According to Mina Massaro-Giordano, MD, ophthalmologist and codirector of Penn Dry Eye and Ocular Surface Center at Penn Medicine in Philadelphia, blepharitis can be divided into two types: anterior blepharitis and posterior blepharitis.
“Anterior blepharitis tends to affect more the lash line, where your eyelashes attach to your eyelid. Posterior blepharitis affects the water line of the eyelids, which is the line of skin between the eyelashes and the eye,” Dr. Massaro-Giordano says.
Signs and Symptoms of Blepharitis
Red, thickened eyelids and crusty eyelashes are two signs of blepharitis, says Massaro-Giordano.
Dry eye is another symptom of blepharitis, though this isn’t your typical dry eye, she says. “It’s caused when the meibomian glands of your eye produce an abnormal oil that doesn’t coat the tears the way it should. This causes a quicker evaporation of tears, and the oil that seeps out of the lid doesn’t seep onto the surface of the eye,” she explains.
Additional symptoms of blepharitis include the following:
- Foreign body sensation, which is when it feels like there’s something in your eye
- Burning, stinging, or watery eyes
- Sensitivity to light
- Tears that are foamy or contain small bubbles
More severe symptoms of blepharitis can include blurry vision, eyelashes that grow in the wrong direction or fall out, and swelling in other parts of the eye, such as the cornea.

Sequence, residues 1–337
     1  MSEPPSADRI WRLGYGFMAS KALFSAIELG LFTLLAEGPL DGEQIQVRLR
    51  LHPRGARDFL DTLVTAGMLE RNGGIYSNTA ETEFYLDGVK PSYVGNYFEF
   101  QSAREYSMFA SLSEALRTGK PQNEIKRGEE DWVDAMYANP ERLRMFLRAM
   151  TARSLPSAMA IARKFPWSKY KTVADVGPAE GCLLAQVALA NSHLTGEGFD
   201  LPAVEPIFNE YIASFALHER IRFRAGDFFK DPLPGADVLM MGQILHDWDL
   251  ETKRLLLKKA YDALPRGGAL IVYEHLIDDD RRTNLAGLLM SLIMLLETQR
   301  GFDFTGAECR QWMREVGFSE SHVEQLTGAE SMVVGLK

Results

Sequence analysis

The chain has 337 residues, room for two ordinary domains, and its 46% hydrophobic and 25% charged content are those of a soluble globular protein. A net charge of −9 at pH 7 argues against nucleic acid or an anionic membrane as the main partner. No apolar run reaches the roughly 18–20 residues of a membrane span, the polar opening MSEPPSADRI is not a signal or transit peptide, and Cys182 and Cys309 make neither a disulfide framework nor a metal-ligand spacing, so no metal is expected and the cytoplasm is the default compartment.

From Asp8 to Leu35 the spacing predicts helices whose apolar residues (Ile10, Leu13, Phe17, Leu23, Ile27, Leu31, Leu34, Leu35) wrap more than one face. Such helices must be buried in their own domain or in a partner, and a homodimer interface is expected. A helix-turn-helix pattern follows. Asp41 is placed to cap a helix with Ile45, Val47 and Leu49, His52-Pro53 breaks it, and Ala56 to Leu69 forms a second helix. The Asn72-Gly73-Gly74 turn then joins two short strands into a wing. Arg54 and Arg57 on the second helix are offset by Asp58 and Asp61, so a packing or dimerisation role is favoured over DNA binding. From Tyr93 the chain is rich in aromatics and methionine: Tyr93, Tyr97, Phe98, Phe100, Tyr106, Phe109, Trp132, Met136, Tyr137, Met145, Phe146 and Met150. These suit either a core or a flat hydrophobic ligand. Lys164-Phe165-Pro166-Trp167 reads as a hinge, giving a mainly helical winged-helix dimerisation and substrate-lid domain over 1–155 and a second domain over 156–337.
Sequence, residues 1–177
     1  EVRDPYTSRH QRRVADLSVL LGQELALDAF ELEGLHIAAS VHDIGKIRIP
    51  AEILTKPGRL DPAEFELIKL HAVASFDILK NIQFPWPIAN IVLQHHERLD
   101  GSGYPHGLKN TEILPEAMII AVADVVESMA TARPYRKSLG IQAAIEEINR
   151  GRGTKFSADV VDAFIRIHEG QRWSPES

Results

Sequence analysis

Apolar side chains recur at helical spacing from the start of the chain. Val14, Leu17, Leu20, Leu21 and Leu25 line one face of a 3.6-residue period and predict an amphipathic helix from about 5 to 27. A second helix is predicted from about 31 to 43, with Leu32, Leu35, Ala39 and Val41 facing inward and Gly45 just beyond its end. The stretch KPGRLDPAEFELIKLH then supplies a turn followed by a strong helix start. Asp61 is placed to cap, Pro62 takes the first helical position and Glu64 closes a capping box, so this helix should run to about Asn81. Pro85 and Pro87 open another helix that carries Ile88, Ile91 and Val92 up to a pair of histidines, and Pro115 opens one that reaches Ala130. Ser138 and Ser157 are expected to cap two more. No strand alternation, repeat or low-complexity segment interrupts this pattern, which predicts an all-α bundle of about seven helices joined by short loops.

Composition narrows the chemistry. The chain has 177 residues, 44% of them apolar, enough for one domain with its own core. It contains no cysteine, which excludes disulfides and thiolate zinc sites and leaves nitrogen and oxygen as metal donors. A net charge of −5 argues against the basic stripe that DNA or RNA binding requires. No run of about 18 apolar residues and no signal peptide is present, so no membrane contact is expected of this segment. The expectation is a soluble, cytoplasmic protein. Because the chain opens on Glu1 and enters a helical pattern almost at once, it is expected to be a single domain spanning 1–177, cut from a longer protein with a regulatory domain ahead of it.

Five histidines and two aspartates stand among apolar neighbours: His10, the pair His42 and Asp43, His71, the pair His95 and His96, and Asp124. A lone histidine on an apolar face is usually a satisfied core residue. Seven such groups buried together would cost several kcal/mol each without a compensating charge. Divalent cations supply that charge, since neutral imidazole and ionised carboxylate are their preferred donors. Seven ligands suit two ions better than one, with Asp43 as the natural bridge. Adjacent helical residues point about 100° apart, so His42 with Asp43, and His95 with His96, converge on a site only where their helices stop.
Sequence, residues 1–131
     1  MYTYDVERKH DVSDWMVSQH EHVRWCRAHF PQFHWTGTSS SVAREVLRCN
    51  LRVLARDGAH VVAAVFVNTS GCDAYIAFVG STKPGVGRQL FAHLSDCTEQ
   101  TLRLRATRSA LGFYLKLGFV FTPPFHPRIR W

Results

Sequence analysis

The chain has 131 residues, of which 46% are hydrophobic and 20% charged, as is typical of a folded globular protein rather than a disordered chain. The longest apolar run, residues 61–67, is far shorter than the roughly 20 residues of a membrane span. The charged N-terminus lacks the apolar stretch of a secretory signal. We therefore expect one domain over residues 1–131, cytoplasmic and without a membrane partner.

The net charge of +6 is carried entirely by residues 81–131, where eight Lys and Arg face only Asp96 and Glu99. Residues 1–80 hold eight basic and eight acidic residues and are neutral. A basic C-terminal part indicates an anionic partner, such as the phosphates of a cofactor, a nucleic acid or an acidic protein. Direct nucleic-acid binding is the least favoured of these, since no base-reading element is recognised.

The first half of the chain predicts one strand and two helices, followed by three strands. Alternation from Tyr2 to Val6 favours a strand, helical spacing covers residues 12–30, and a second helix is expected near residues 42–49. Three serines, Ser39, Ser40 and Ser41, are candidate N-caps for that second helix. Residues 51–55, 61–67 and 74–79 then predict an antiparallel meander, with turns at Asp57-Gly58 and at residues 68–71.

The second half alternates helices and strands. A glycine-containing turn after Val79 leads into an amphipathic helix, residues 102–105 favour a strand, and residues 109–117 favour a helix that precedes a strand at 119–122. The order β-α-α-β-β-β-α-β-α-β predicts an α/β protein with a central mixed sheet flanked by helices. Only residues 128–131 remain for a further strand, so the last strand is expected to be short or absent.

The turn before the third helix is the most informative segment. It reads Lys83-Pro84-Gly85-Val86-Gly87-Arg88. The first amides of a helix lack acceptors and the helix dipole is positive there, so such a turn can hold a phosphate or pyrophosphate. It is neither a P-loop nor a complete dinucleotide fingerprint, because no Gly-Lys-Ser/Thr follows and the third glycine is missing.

Causes and Risk Factors of Blepharitis
Anterior blepharitis is often caused either by bacteria, called Staphylococcal blepharitis, or by dandruff of the scalp and eyebrows, known as seborrheic blepharitis. These bacteria are commonly found on the face and eyelids, but an infection may occur if they become excessive or if the lid area has a reaction to them.
The condition can also occur as a result of dandruff or rosacea, which is a skin condition in which people have red cheeks with abnormal blood vessels on their face, Massaro-Giordano says. “Many times, those abnormal blood vessels can be seen on the rims of the eyelid,” she adds.
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“There’s also a type of blepharitis caused by mites in their eyelids called demodex blepharitis,” says Massaro-Giordano.
Herpes simplex virus, the same virus that causes cold sores, can be a cause of blepharitis.
How Is Blepharitis Diagnosed?
Blepharitis is a clinical diagnosis based on the irritation of the eyelids, with crusting and flaking of the lashes. A clinical diagnosis means a doctor determines whether you have a condition by examining you and your symptoms rather than by performing a diagnostic test.
“Many times, patients go to an ophthalmologist's office and think that we’re looking just at the eyeball, but it is necessary to look at the eyelid, lash line, water line, and underneath the eyelid. If the eye doctor doesn’t spend sufficient time examining the lid, the diagnosis can be missed,” says Massaro-Giordano.
There are telltale signs that your doctor can look for on the lids to make a diagnosis of blepharitis, she says. “The lids will be thickened, red, and we look at the eyelashes and see if there is crust hanging out around the eyelashes,” she explains.